Like a tasty dish that somehow blends familiar flavors into a unique concoction, City of Brass tosses together a number of tried-and-true genres - first-person action RPG, roguelike and procedurally generated dungeon crawler - and the result is a tasty treat... at least for a while. But eventually the palate grows weary of even the most enticing flavor, and similarly, City of Brass grows increasingly familiar with each subsequent death and restart.
City of Brass is set in the world of the Arabian Nights, and the game's 12 levels run through a variety of Moorish-influenced environments, desert landscapes and underground dungeons populated by genies, djinn and skeleton warriors. The game is colorful and has a lot of surface-level appeal, albeit beset by fairly simple and repetitive textures and enemy designs that are varied in type but similarly forgettable. The job gets done and despite some well-designed architecture, City of Brass is not the kind of game where you will be wowed by the vistas and aghast at the level of detail.
Too much visual information would be wasted anyway, as the focus is always on action, puzzle solving and treasure seeking as you move from level to level, avoiding and using the diabolical traps that are seemingly everywhere and scouring the environment for hidden secrets. While there are moments of respite, City of Brass really moves the player forward and into the next encounter. One of the game's outstanding features is the way it allows the player to use the whip and scimitar in rapid combination to dispatch enemies but also to reach out ways for treasure and shortcuts. The whip is a unique and flexible weapon and tool but the bladed weapon is less precise and a lot less fun to use, even upgraded. Coming from the developers who spent years in the FPS trenches, the game's somewhat unsatisfying melee combat is disappointing. Although City of Brass is procedurally generated and the locations of enemies, traps and treasure keep changing, the modular environmental pieces that make up the levels become familiar.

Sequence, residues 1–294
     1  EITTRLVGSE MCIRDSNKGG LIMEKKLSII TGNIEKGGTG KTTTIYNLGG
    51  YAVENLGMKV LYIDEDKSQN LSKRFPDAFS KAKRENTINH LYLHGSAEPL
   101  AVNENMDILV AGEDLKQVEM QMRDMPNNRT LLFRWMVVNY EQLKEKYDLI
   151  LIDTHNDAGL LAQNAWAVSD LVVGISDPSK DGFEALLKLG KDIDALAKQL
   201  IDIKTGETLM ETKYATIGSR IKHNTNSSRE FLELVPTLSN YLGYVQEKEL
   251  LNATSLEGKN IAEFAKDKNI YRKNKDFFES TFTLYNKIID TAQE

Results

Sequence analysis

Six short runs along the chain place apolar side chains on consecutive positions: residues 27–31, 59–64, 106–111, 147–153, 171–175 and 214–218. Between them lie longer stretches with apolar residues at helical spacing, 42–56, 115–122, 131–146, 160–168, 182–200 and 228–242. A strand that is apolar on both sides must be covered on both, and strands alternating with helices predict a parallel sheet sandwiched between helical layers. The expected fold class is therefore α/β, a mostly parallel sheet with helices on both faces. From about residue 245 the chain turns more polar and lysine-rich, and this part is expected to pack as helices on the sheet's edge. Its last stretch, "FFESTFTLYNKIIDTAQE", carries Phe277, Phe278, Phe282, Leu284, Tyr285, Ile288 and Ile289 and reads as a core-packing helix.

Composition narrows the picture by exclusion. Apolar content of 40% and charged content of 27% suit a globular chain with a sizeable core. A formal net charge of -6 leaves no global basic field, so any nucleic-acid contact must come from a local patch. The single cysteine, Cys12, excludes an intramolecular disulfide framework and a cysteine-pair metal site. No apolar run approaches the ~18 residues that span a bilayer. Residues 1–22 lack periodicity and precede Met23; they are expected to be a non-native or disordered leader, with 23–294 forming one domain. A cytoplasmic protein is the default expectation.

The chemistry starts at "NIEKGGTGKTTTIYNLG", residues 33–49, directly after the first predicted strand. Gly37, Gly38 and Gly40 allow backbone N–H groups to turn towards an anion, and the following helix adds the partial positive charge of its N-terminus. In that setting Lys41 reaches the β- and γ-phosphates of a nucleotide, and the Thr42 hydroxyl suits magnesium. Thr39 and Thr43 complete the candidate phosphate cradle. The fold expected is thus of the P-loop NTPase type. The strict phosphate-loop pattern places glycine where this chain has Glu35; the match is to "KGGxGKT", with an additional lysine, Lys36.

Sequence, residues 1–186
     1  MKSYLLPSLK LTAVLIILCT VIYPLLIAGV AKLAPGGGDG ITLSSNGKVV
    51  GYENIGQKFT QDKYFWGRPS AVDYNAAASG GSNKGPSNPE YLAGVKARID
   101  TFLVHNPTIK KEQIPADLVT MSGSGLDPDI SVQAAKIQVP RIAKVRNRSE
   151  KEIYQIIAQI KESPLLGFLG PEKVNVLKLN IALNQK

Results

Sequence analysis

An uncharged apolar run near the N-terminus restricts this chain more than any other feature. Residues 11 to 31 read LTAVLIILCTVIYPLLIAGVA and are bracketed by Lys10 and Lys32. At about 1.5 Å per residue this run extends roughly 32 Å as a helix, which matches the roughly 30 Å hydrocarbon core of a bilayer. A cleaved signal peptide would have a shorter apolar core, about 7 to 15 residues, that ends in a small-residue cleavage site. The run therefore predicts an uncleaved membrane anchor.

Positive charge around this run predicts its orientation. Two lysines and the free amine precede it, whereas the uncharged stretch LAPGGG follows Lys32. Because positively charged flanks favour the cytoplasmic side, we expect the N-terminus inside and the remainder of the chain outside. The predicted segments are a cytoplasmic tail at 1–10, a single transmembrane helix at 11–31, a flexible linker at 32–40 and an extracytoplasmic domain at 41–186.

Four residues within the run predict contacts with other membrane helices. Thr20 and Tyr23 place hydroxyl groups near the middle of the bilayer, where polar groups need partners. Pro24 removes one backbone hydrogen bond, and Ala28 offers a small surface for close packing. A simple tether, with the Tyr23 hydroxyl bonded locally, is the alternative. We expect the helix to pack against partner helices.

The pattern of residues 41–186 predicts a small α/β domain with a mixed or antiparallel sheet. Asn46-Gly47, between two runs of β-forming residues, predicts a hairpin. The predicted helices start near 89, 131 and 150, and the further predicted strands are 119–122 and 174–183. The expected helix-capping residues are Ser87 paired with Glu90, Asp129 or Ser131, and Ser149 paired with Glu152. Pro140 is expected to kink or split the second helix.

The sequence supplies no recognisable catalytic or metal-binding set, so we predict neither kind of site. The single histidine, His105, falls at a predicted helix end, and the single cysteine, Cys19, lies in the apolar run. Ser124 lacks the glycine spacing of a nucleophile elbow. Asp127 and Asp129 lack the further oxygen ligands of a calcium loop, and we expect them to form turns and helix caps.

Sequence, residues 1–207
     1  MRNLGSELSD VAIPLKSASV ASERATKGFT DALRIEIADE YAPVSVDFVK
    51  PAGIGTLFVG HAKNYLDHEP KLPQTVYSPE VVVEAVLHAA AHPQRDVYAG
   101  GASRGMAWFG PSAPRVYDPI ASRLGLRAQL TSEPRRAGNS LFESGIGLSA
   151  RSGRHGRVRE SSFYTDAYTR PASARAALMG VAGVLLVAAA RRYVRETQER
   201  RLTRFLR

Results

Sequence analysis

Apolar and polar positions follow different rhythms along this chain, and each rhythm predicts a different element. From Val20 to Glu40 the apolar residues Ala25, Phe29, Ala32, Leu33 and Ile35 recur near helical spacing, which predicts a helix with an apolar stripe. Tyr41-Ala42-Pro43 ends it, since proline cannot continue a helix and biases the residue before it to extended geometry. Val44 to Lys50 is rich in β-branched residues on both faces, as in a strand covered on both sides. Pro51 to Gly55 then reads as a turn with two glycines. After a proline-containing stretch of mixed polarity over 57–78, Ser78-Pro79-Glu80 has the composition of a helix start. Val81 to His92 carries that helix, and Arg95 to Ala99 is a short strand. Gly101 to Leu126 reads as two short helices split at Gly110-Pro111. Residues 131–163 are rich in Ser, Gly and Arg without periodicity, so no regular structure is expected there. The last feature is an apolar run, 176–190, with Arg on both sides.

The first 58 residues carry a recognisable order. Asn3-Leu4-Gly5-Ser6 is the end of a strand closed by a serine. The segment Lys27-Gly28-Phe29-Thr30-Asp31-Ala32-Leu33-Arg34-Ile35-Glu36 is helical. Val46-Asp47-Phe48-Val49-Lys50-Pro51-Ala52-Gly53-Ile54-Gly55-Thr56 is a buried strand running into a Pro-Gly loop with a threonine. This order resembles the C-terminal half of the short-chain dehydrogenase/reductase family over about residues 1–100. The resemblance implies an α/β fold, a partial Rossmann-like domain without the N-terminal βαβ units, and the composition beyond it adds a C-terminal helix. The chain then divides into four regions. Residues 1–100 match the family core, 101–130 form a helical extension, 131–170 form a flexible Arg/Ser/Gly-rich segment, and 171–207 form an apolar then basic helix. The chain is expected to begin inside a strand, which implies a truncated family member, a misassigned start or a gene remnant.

Although vending machines that dispense upgrades and special abilities appear with some regularity, collected treasure and cash disappear with every death so only the most skilled and lucky players will have the coin they need. Similar to other roguelikes, an unfortunate combination of enemy types can mean an early and unlucky death and restart. Luckily, City of Brass has a large number of welcome difficulty modifiers that can help take the frustration out of the game, while still preserving the story and fundamental action and mechanics. On its default difficulty, reaching the end boss is a significant challenge.
Like a chef overusing a favorite spice, City of Brass repeats itself a bit too often. On the positive side of the ledger, it demands a refreshing amount of strategic planning and the ability to quickly read and use the environment to one's advantage. I'm not convinced that City of Brass needed both procedurally generated levels and roguelike mechanics; a well-tuned game with one or the other would have remained plenty challenging. Until fatigue with the game design sets in - which will vary from player to player - City of Brass is a lot of fun, a flavorful medley of ingredients that harmonize well.